PDN Photo of the Day

New World Cowboys

In his new book Cowboys of the Americas, published recently by Greystone Books, Luis Fabini describes the motivation that led to his ten year journey photographing men in South and North America who embody “the spirit of the gaucho, the legendary horseman of these vast stretches of grassland,” as he writes. While cowboys often inhabit stories about the past, Fabini found a range of people living today by the same code of toughness and independence that have made cowboys into icons for the last hundred years. In his images, men, horses and the cattle they drive are framed by Ecuador’s immense volcanoes, vast Canadian prairies or Brazil’s wetland Pantanal. “Today we find the gaucho as a wanderer, horse tamer, cattle driver, and fence builder, doing jobs that give him autonomy and require minimal obedience to civilized society,” writes Fabini. But the culture is far from homogeneous. As Fabini’s images show, ethnic backgrounds and styles of dress vary from country to country, as do the words that describe these men. As he writes, “In Uruguay and Argentina, these men are called gauchos. In Chile, they are huasos; in Brazil, pantaneiros and vaqueiros. Ecuador has its chagras, and Mexico its charros. In the United States and Canada, these horsemen are known as cowboys.”

In an essay, Wade Davis provides a detailed account of horses and their long relationship with humans, dating back 55 million years to horses’ first fossil relatives and proceeding through their domestication, their use in war and their introduction to the Americas. Davis gives an equally precise description of the cultures that have grown up around horses in the countries where Fabini photographs. As he writes, “The lives of the vaqueros portrayed in this book are not about money or fame but rather about honor, freedom, and the luxury of open space. They dwell in the thin places between the civilized and the wild, loyal to everywhere and nowhere, finding shelter within a triangle of mutual devotion—man, horse, and the wild. They are, as the gauchos say, the land upon which they tread. It is this that makes them truly and uniquely American, products of the New World, cowboy sons of all the Americas.”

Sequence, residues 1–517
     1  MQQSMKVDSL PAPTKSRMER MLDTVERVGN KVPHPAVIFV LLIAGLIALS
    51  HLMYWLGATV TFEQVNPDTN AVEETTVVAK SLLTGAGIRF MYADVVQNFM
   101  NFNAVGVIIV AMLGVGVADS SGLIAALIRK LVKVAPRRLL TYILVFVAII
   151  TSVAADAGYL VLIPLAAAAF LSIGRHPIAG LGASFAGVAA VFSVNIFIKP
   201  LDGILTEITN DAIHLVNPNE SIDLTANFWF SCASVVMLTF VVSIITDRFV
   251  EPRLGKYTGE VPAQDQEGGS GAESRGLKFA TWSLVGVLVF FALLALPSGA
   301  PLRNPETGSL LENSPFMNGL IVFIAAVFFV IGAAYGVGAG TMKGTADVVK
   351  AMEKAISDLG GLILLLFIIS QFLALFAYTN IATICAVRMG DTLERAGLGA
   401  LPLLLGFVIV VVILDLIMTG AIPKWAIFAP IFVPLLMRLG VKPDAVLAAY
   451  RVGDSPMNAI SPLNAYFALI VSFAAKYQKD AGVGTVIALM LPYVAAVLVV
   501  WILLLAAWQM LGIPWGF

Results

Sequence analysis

Related Stories:
This Is Bliss
Horsemen of the Americas
Out West: Lucas Foglia’s Frontcountry

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